Knowledge Base

Article Number: 76 | VC4 | VC3 | Post Date: January 8, 2019 | Last Updated: January 8, 2019

Is it possible to position my point cloud, total station, or dxf data in absolute global frame coordinates rather than relative coordinates? I want to overlap data from my photogrammetry study with my point cloud data.

It is possible to position total station data, point cloud data, and dxf data in their absolute positions in global space. It is also possible to align the positions of such data so long as their orientations are aligned before importing into Virtual CRASH.

Normally, when you import total station data or point cloud data into Virtual CRASH, the first point in the dataset is used as the reference value, and all other data is shifted with respect to that first point. This means that internally in a point array or point cloud object, the first point is stored as (0,0,0) within the data object’s own local reference frame. So, using the reference point (pivot point) of the data object, the full dataset can be moved anywhere in the Virtual CRASH global space, yet the internally stored points maintain their positions relative to one another. This is preferable for a few reasons. First, the x-y plane in Virtual CRASH is an absolute minimum for all objects; however, it is common for scene measurements to take on negative z values depending on the position of the measuring instrument relative to the lowest point in the scene (for example, scanning a scene from the top of a hill). When such measurements are imported into Virtual CRASH, in order to prevent those points from being beneath the x-y plane, the full dataset will be shifted upward so that the lowest point is on the x-y plane.

Second, in cases where data is measured with very large z values, such as hundreds or thousands of feet, it can become quite difficult to navigate and work within the 3D workspace. You would not want to edit your simulation or animation environment with datapoints hovering 5000 ft above the x-y plane if measured, for example, in Denver. It is often best to position your data as close to the x-y plane as possible. Finally, in cases where the (x,y,z) position values are extremely large, such as in the millions of feet as with state plane coordinates, numerical truncation can occur for extremely large values. To prevent this, it is common practice to translate points along each axis so that their range of values is smaller on an absolute scale (see this post from CloudCompare for example: For example, if the x values in a point cloud range from 1,102,103 ft to 1,102,503 ft, it’s preferable to shift all x values so that the range is -200 ft to 200 ft.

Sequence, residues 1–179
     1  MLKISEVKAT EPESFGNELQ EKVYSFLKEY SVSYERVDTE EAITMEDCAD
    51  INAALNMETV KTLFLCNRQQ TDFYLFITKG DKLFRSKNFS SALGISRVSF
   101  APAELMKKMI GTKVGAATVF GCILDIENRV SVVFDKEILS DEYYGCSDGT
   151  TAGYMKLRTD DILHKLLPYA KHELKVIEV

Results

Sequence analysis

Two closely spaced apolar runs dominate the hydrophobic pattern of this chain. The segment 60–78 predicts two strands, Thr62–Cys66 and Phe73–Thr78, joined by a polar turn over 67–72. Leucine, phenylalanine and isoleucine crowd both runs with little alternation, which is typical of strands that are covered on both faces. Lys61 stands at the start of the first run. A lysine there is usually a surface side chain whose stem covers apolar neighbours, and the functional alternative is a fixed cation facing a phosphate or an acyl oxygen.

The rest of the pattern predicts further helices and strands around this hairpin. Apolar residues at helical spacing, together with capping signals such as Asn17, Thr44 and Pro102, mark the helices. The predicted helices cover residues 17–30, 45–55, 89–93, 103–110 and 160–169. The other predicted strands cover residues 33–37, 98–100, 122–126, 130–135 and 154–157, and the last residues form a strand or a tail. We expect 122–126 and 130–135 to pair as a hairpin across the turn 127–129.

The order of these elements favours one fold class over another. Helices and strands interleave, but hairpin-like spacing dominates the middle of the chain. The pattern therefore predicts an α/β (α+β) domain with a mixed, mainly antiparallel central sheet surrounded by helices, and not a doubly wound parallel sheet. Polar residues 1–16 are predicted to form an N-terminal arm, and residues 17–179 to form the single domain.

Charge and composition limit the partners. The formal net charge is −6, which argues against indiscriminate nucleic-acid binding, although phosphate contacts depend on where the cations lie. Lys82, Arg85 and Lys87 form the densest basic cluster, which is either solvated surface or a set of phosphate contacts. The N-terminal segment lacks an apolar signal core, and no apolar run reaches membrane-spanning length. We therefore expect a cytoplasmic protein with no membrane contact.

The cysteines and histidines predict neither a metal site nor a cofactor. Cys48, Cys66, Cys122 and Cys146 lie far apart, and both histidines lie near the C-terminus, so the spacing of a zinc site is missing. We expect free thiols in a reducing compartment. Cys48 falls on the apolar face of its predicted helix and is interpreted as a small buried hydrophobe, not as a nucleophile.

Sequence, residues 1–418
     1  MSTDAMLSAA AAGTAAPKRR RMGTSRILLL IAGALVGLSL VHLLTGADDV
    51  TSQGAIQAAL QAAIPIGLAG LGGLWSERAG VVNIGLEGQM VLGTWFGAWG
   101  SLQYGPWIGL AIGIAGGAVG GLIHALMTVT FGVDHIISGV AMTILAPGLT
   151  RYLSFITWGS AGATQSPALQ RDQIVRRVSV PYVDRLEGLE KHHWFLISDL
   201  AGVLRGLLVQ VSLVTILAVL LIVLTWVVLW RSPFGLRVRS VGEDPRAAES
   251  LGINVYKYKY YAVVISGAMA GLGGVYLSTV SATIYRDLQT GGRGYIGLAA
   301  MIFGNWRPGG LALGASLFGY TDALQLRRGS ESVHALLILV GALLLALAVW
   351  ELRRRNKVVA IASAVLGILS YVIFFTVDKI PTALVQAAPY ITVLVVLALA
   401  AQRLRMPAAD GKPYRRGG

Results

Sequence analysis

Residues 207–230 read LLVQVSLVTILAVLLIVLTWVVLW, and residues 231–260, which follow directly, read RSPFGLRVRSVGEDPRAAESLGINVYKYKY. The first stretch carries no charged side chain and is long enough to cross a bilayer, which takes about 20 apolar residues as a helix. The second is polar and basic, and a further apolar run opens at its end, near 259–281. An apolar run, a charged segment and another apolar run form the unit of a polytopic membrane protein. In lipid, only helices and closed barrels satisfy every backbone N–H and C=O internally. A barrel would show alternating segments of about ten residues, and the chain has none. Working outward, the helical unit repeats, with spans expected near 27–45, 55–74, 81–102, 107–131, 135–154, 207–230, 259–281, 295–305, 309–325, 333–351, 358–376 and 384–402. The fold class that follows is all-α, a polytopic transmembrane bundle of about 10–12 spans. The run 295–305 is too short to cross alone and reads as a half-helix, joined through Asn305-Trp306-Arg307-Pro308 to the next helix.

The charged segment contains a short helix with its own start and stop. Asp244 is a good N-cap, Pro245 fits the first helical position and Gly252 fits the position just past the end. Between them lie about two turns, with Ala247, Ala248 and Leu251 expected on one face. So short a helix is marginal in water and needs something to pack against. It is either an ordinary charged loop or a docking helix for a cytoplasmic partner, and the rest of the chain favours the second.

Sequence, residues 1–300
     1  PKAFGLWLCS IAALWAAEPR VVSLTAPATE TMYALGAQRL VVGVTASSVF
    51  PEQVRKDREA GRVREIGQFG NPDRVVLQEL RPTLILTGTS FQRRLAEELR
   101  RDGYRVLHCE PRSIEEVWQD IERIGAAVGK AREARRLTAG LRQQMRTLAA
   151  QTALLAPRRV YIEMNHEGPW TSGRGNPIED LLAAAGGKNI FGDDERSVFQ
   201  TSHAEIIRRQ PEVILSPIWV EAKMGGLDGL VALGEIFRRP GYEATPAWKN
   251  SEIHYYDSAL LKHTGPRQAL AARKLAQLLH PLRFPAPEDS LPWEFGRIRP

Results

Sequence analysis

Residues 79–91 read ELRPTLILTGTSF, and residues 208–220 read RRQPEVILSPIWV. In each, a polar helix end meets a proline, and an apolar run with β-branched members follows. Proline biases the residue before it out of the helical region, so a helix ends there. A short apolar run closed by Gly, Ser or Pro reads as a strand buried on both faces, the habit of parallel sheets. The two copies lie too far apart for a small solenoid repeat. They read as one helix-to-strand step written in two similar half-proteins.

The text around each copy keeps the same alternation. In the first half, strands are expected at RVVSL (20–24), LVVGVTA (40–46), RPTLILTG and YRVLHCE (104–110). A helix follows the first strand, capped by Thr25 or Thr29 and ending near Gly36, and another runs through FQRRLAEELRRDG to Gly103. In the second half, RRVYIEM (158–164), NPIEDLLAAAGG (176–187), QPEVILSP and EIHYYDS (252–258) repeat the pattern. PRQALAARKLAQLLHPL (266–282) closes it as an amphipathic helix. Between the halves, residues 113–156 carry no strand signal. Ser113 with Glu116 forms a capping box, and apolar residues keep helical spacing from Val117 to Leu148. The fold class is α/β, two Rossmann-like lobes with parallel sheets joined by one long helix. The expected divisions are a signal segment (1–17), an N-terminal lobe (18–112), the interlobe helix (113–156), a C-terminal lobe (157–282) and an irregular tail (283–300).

Let’s examine an example case in more detail. In the data shown below, the original data from the total station is shown on the left (“ORIGINAL DATA”). Once the data is imported into Virtual CRASH, it is automatically shifted with respect to the first point in the dataset, and points are stored with respect to the point array object’s own internal reference frame (“RECENTERED DATA”). So in the example below, (-46.5369, -52.2085, 4.2875) is subtracted from all points when imported into Virtual CRASH, and a new point array object is created, with point 1 at (0,0,0). Remember, every point maintains the exact same position relative to one another.

You can also see the transformed (x,y,z) positions in the report:

Once the data is imported into Virtual CRASH 4, a point array object is created. The point array has its own reference point (pivot point) which by default is set to the first position in the dataset.

Positioning Total Station Data in Absolute Coordinates

Since the position-local property of any object is the location of its reference point, the easiest way to position your point array at its absolute position is simply to set the point array’s position-local x, y, and z value to the x, y, and z value of the first point in your total station data. This will work as long as you do not move the reference point’s position relative to the point array prior to setting position local.